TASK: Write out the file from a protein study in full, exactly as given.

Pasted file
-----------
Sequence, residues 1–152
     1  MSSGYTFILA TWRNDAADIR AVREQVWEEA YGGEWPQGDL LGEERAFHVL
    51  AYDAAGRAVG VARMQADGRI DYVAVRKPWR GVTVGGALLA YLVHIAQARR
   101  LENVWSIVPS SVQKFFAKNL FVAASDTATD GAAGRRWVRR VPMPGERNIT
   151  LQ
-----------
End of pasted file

Sequence, residues 1–152
     1  MSSGYTFILA TWRNDAADIR AVREQVWEEA YGGEWPQGDL LGEERAFHVL
    51  AYDAAGRAVG VARMQADGRI DYVAVRKPWR GVTVGGALLA YLVHIAQARR
   101  LENVWSIVPS SVQKFFAKNL FVAASDTATD GAAGRRWVRR VPMPGERNIT
   151  LQ